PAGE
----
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The Königsberg Incident
A summary of her career

Animated Flash Maps
The Indian Ocean and Rufiji Delta

Current Wrecks and Relics
A list of the latest sites

Wrecks and Relics
Wrecks and relics of the Königsberg incident are still scattered around East Africa and elsewhere in the world. Some are in private homes, some are in museums, and yet others rest out in various land and ocean wilderness areas, open for inspection to those who care to venture there. Below is a list of known items and sites, which will be expanded as more discoveries are made.

Naval Vessels: Wrecks and Sites

Königsberg salvage crew 1915
Click to view photo
SMS Königsberg: The wreck of Königsberg remained at the site of her sinking in the Rufiji River Delta. It was in a remote location and after the war was only visited by the most determined travellers. By 1950 the ship had slid onto her side in the deep mud of the delta, and the last photo of any above-water portion was taken in 1965, when only a portion of the freeboard remained poking above the water level. The wreck is now completely buried in the mud of the river bottom, although the hull itself, including funnels and anchor chains is, as far as is known, still intact.

Somali in 2001
SS Somali: The only remaining vessel which can be viewed without diving remains Königsberg's loyal supply ship Somali. Her wreck lies near Salale, although it is in very poor condition. After her sinking, silt from the river began piling up around the ship, and eventually engulfed her in a shallow sandbar. Trees then grew on the sandbar and within a few decades Somali was actually inside the encroaching forest. Between 1995 and 2000, someone cleared away part of the heavy growth and more of the hull is visible again. The image at upper right show what can still be seen of Somali's ample wreckage. Her bow is at left and her sternpost is off the right side of the page. Much of the freeboard is visible, and sections of the deck and superstructure remain scattered along the wooded area which has engulfed the hull. The second view is an aerial photograph taken during the war, showing the sandbar already forming immediately upstream from the Somali's riverside resting place.
Aerial view of Somali

HMS Pegasus: The wreck of Königsberg's primary wartime victim remains at the bottom of Zanzibar Harbor, and is a popular diving site. The ship was torn open during the wartime salvage of her boilers and engines, and the resulting weakening of the ship's integrity has caused it to mostly fall apart. The main frames which would have normally composed the inside of the vessel are now laying exposed on the harbor bottom, and of course her guns and vital hardware were removed for use in the East Africa campaign.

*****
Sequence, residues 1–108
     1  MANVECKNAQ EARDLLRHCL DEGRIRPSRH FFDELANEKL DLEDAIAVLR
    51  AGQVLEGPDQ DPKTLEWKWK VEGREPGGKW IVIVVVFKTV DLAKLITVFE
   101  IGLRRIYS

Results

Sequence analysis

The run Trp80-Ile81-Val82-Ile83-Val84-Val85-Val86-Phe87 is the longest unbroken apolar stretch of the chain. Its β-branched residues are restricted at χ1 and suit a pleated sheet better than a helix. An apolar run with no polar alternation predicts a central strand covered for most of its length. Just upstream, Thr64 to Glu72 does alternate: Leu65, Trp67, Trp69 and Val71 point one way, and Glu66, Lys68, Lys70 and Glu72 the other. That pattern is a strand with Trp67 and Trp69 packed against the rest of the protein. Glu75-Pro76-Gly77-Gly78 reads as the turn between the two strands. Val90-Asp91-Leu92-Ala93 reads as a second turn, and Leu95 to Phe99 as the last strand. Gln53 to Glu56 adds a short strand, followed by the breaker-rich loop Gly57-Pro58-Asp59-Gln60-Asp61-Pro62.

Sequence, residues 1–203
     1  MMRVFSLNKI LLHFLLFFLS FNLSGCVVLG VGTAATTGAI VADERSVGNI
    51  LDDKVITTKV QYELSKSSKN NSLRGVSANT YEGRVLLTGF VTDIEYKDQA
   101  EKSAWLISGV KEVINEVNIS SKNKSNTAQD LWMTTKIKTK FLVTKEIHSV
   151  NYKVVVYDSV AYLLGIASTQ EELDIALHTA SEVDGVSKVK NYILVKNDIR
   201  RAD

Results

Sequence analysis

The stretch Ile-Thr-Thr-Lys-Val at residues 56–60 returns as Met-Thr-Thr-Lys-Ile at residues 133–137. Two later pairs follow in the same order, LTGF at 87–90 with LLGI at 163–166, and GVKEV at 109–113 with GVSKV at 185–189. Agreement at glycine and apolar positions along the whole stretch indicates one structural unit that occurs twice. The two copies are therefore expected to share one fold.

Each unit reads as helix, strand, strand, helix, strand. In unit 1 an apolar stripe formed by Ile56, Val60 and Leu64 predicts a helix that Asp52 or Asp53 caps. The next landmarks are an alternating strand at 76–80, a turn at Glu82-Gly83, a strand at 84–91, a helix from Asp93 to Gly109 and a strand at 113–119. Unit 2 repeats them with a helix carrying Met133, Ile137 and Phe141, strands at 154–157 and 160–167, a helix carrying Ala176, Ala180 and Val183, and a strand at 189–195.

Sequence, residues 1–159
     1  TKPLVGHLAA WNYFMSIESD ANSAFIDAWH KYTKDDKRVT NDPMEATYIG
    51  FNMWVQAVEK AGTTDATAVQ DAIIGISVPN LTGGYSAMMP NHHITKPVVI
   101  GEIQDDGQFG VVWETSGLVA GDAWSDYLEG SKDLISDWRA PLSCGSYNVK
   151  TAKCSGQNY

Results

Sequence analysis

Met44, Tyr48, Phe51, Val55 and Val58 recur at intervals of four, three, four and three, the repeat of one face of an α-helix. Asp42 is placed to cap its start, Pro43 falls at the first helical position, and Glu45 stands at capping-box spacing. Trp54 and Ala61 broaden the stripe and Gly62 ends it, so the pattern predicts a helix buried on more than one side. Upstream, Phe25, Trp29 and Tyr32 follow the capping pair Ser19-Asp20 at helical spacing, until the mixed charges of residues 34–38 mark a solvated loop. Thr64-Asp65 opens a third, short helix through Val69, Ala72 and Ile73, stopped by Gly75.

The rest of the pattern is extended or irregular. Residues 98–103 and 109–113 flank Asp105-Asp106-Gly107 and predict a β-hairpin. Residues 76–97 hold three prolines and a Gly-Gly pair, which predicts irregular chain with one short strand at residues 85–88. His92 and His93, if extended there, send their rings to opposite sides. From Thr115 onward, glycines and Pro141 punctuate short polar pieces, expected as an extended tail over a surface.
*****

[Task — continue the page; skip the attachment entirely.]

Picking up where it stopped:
SS City of Winchester: Interestingly, the wreck of City of Winchester is occasionally visited at its remote location off the coast of Oman. The most recent dive showed the hull to have collapsed, revealing her triple expansion engine and boiler. Unpredictable weather and the remote location result in very few visitors to the wreck site.

Rufiji River today
The Rufiji River Delta: At the time of the Great War, the Rufiji River delta was considered a remote and barely understood area. It is still remote by most considerations, and visitors to the area should be thoroughly prepared and experienced travellers. When you are at site of the Königsberg and Somali wrecks, you are really on your own and should proceed accordingly.

Relics and Artifacts: Sites and Owners

Königsberg Gun at Mombasa
Königsberg Guns: The most visible current artifacts from Königsberg remain her main guns, which were removed from the ship in 1915, modified at the Dar es Salaam machine shops for use on land and incorporated into Lettow-Vorbeck's land army which fought the Commonwealth forces until 1918. After the war, the guns were taken as trophies to various locations around Africa: One each to Leopoldville and Stanleyville in the Belgian Congo, one to Pretoria, South Africa, one to Mombasa, Kenya, one to Dar es Salaam, Tanzania and one to Kampala, Uganda. Of those guns, only two are still known to be intact: the "Bagamoyo" gun at Fort Jesus in Mombasa, Kenya; and one at Johannesburg, South Africa. The Johannesburg gun may be the same gun which was for a while mounted on the lake steamer Graf von Goetzen, which fought on Lake Taganyika during the war and which still operates on the lake as a ferry and general purpose freighter.
Königsberg Gun at Johannesburg

Pegasus Guns: After her sinking, the guns for HMS Pegasus were also removed and used by Commonwealth forces in Africa. One of the converted guns is at Fort Jesus in Mombasa, Kenya, next to one of the surviving Königsberg guns. Two other "Peggy" guns were displayed on the ocean front at Dar es Salaam at least through the 1950s, but they have since disappeared.

Other Artifacts: Countless other small artifacts from this incident are now scattered around the world. Below is a list of known items and their status and/or locations:
Wardroom Dining Set: National Railway Museum, Nairobi, Kenya.
Torpedo Director, Shell Casings: Imperial War Museum, London, UK.
Shell Casings: Various private homes in the UK.
Naval Ensign: Family of Captain Looff.
Porthole: Dar es Salaam Museum, Tanzania.
Zinc Cordite Cases: Zanzibar Museum, Tanzania.

Frame Plates, Silverware, Teak Decking: Various private homes in the UK and US.
Naval Ensign: Family members of Pegasus crew.
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